Editor's note: This article was originally published on Jan. 13 and has been updated with the latest developments.
Climate activist Greta Thunberg was detained by riot police at a protest over the expansion of a coal mine in Germany on Jan. 17 and later released that same evening.
Yesterday I was part of a group that peacefully protested the expansion of a coal mine in Germany. We were kettled by police and then detained but were let go later that evening.— Greta Thunberg (@GretaThunberg) January 18, 2023
Climate protection is not a crime.#LuetziBleibt#LuetziLebt#KeepItInTheGround#ClimateJustice
Thunberg had travelled to the tiny hamlet of Lützerath (or Luetzerath) to join tens of thousands of demonstrators in an attempt to stop the expansion of energy company RWE’s coal mine — which has already swallowed more than 20 other local villages.
Holed up in treehouses and squatting in empty houses, many climate activists have been occupying the village in western Germany for a number of years.
But recently, thousands of heavily armed police have invaded the site, clearing large areas where activists had set up camp and detaining dozens of demonstrators. Some, however, have moved into underground tunnels to prevent eviction. The images coming out of Lützerath are straight out of a dystopian sci-fi film.
A masked climate activist stands on a roof top at the village Luetzerath, near Erkelenz, Germany, Thursday, Jan. 12, 2023. Police have entered the condemned village in to evict the climate activists holed up at the site in an effort to prevent its demolition, to make way for the expansion of a coal mine.
“Lützi,” as it was colloquially known by its residents, was once home to almost 900 people. In the last few years, they have all been forced out since the town was sold to RWE in an attempt to meet fossil fuel-dependent Germany’s energy needs.
What the German government probably didn’t expect was that Lützerath would become a global symbol for broken climate promises and pledges. In recent days, high-profile climate activists such as Greta Thunberg and Nyombi Morris have been raising their voices to stand up against big coal, many of them traveling to the abandoned village itself to support local protestors.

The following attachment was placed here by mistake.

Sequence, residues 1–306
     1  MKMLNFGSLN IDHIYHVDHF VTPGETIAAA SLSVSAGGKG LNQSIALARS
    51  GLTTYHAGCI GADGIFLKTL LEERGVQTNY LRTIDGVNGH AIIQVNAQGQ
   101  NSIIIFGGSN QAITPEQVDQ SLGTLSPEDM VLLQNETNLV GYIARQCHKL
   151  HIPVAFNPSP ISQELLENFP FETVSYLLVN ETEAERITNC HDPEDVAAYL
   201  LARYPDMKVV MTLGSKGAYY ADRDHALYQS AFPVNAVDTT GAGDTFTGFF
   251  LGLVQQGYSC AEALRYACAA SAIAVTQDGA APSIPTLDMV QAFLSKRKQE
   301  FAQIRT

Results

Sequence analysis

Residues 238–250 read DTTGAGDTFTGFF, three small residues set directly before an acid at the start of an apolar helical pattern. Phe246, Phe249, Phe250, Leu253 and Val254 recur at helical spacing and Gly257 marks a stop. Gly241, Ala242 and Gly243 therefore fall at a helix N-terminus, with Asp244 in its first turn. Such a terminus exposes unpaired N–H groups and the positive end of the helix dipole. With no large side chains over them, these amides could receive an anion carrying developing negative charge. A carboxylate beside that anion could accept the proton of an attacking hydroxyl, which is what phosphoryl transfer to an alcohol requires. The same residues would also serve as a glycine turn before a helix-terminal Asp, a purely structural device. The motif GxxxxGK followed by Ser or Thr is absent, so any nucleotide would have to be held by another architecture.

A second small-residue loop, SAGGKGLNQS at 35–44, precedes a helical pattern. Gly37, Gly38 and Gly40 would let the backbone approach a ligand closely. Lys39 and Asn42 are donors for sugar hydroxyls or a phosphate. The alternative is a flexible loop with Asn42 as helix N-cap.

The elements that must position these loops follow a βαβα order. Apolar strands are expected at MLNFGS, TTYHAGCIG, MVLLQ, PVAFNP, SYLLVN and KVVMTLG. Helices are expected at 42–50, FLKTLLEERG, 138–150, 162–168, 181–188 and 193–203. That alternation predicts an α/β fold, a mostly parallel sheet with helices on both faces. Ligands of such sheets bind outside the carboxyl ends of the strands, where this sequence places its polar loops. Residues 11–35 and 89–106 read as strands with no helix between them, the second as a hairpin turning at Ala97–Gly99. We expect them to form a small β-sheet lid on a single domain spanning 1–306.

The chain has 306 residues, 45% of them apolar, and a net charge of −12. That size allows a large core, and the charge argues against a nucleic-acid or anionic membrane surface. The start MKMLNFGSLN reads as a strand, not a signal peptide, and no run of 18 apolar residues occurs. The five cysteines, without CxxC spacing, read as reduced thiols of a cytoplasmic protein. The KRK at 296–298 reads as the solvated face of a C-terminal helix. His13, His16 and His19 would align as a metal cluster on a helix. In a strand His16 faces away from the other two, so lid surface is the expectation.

Kenyan climate activist, Elizabeth Wathuti, said: “We cannot build our future on coal. The future is not forcing people out of their lives as they know it, whether it is at the edge of a coal mine or at the frontline of the climate crisis. I stand with the people of Lützerath.”
Although the German government has pledged to end coal use by 2030, in the wake of the war in Ukraine and the subsequent scramble to replace natural gas supplies from Russia, officials say the coal beneath the village is essential.
Activists counter that that argument is false, pointing to studies including one published in December 2022 that maintains the need for the coal under the village is “nonexistent.”
No matter how you slice it, coal is bad. As well as being the single most polluting source of energy on the planet, it also releases massive amounts of toxic gas, damages local residents and wildlife’s health, destroys the environment, and is a massive contributor to climate change.
To have any hope of combating climate change, countries need to be in line with the UN Paris Climate Agreement that outlines a coal-power free world by 2030 at the latest, not expanding coal mines in 2023.
How Can I Help?
Show your support
Even if you’re thousands of miles away, you can send a clear message to the German government and other world leaders with their eyes on fossil fuel expansion: we stand with Lützerath.
Send an email to EU leaders
To protect the climate, we need Europe to swap out dirty energy all together and invest in renewables. Send an email urging EU policy-makers to ditch conflict-ridden fossil fuels like coal.